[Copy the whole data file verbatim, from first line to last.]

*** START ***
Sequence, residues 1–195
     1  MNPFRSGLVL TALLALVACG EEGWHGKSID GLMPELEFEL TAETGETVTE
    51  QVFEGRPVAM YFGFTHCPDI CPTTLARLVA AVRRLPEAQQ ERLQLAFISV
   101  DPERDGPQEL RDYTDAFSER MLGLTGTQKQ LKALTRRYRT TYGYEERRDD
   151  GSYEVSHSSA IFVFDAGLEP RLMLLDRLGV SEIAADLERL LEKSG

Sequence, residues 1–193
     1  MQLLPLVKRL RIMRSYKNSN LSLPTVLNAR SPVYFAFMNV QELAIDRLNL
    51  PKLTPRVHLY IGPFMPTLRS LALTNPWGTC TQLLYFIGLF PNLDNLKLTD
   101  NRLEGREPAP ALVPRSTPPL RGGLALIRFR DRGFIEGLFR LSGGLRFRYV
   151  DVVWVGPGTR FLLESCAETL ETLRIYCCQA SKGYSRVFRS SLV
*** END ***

Sequence, residues 1–195
     1  MNPFRSGLVL TALLALVACG EEGWHGKSID GLMPELEFEL TAETGETVTE
    51  QVFEGRPVAM YFGFTHCPDI CPTTLARLVA AVRRLPEAQQ ERLQLAFISV
   101  DPERDGPQEL RDYTDAFSER MLGLTGTQKQ LKALTRRYRT TYGYEERRDD
   151  GSYEVSHSSA IFVFDAGLEP RLMLLDRLGV SEIAADLERL LEKSG

Sequence, residues 1–193
     1  MQLLPLVKRL RIMRSYKNSN LSLPTVLNAR SPVYFAFMNV QELAIDRLNL
    51  PKLTPRVHLY IGPFMPTLRS LALTNPWGTC TQLLYFIGLF PNLDNLKLTD
   101  NRLEGREPAP ALVPRSTPPL RGGLALIRFR DRGFIEGLFR LSGGLRFRYV
   151  DVVWVGPGTR FLLESCAETL ETLRIYCCQA SKGYSRVFRS SLV